Multiple sources are reporting that Nokia is hedging its bets on mobile phone software:
-- The New York Times says Microsoft and Nokia will announce Wednesday that Microsoft is porting Office to Nokia's Symbian S60 phones (link).
--TechCrunch, quoting the Financial Times in Germany, claims Nokia is planning to dump Symbian in favor of its Maemo Linux operating system (link).
--Om Malik says he asked Nokia about it, and the company denied plans to dump Symbian. But the company also said, "recognizing that the value we bring to the consumer is increasingly represented through software, there is logically not just one software environment that fits all consumer and market needs." In other words, we have an open marriage with Symbian (link).
In one sense, this is absolutely not news for Nokia. It has been playing the field for years, trying to prevent any single company from gaining control over mobile software (and thereby imposing a standard on Nokia). The change is that in the past, most of that energy was aimed against Microsoft.
Microsoft too seems to be bending its standards. With the exception of the Mac, Microsoft has been extremely reluctant to license Office for other operating systems. In the past, if Nokia wanted Office, it would have been expected to license Windows Mobile.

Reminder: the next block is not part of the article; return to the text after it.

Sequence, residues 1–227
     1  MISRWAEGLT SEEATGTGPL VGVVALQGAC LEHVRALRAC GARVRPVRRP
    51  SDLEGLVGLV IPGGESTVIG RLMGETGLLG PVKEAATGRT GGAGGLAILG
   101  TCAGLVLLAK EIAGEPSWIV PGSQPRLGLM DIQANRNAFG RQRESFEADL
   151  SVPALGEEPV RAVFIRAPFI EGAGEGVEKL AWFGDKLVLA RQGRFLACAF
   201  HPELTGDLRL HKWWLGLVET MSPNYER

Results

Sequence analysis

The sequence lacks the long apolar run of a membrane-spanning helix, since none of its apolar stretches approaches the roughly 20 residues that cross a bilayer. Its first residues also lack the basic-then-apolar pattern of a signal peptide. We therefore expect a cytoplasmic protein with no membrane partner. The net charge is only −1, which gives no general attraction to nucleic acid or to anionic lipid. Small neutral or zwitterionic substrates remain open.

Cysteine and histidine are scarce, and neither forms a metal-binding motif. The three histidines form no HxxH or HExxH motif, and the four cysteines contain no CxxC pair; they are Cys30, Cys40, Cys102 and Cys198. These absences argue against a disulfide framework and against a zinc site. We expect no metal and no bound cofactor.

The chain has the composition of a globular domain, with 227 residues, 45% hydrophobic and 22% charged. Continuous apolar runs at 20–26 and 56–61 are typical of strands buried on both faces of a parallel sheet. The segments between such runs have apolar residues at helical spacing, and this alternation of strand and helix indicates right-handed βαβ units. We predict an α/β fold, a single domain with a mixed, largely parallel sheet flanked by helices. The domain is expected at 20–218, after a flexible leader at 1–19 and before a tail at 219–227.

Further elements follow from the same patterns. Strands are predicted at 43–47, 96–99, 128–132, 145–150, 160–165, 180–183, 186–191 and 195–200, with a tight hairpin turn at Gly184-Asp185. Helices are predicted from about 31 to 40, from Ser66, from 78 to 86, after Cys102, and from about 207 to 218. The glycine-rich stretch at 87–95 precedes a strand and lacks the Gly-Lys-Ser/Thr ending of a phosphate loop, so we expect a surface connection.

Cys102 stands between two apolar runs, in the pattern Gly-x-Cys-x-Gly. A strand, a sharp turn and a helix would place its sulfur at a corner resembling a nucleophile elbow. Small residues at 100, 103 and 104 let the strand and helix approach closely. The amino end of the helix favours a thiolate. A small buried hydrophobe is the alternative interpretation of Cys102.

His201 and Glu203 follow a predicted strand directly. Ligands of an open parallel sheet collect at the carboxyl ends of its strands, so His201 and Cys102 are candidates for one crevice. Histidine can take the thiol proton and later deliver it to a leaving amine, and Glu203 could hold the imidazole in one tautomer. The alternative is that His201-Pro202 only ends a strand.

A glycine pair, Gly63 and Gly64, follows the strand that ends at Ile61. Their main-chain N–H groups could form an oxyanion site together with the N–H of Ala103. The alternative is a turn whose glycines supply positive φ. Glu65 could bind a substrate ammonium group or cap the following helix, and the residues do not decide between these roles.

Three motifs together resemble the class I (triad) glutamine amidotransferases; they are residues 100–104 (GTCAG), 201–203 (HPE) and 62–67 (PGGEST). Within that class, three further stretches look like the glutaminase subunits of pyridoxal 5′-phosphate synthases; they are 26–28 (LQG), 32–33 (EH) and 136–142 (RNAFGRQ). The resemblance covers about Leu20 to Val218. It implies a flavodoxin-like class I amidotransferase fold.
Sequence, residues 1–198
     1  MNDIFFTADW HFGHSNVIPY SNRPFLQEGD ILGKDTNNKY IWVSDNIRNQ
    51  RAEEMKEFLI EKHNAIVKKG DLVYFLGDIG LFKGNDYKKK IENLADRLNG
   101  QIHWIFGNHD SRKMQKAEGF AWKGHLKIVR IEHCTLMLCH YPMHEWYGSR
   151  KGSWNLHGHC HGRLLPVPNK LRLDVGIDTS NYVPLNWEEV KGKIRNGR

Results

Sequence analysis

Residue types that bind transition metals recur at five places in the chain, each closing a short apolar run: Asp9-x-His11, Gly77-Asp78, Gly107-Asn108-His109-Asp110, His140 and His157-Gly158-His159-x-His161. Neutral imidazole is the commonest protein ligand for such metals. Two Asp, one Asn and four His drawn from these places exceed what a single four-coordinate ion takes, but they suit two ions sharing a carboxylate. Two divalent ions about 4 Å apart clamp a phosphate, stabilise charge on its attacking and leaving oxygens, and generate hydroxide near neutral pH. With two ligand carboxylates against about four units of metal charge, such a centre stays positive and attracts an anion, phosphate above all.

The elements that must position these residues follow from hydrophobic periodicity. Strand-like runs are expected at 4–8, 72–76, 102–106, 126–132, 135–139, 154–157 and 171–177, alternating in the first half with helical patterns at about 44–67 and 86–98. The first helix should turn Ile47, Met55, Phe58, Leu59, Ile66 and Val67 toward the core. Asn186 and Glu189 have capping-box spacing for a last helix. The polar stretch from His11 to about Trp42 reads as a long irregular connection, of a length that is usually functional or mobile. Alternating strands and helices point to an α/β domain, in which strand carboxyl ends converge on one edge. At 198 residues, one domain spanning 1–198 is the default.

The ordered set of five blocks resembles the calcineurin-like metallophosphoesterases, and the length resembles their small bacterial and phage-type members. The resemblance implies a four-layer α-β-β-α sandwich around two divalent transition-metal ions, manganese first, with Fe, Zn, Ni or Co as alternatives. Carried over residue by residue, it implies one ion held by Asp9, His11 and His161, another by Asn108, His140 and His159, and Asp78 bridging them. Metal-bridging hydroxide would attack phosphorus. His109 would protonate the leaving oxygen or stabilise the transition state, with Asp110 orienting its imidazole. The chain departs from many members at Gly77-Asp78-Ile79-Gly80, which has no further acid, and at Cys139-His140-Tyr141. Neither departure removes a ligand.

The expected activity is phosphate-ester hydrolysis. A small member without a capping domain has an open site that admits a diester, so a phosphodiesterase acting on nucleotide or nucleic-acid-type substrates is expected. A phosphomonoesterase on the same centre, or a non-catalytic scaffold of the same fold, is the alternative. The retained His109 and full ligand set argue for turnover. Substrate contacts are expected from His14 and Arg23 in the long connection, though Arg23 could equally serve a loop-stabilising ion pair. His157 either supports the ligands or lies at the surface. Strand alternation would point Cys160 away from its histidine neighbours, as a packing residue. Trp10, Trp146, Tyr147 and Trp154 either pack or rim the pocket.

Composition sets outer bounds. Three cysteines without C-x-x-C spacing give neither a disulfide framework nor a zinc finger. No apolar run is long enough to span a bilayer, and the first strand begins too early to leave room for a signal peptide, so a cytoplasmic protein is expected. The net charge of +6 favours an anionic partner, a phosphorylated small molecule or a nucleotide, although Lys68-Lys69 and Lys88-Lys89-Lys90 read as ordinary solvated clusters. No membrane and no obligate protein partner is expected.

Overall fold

But now both companies feel threatened by Apple and Google, and all of a sudden that ugly person across the dance floor looks a lot cuter.
The real question that no one seems to be asking is whether most customers will care about any of this stuff. Most Nokia smartphone users are blissfully unaware that their phones have an operating system, let alone whether it's Symbian or Maemo. They just want the phone to work well.
And speaking as a former Palm guy who dealt with the mobile market for years, putting Microsoft Office on a smartphone is like putting wings on a giraffe -- it may get you some attention, but it's not very practical.
Don't get me wrong, I like and admire QuickOffice, which is probably the leading Office-equivalent app in the mobile space today. It's a cool product, but for most people the screens of smartphones are too small for serious spreadsheet and word processing activity. It works, but it's awkward and produces eyestrain. Most people who have a serious need for Office on the go will just carry a netbook.
So Nokia and Microsoft will both get some nice publicity, but the announcements mean very little to the average user. What both Microsoft and Nokia need to do is create compelling new mobile functionality that's better than the stuff being produced by Apple and RIM. Until they do that, all the strategic alliances in the world won't make a significant difference.
Update: The announcement this morning was more subtle and perhaps far-reaching than what was reported yesterday. I think the strategic situation is still the same as what I described above, but there might be more value for users than I expected. More thoughts after I have a chance to digest the announcement.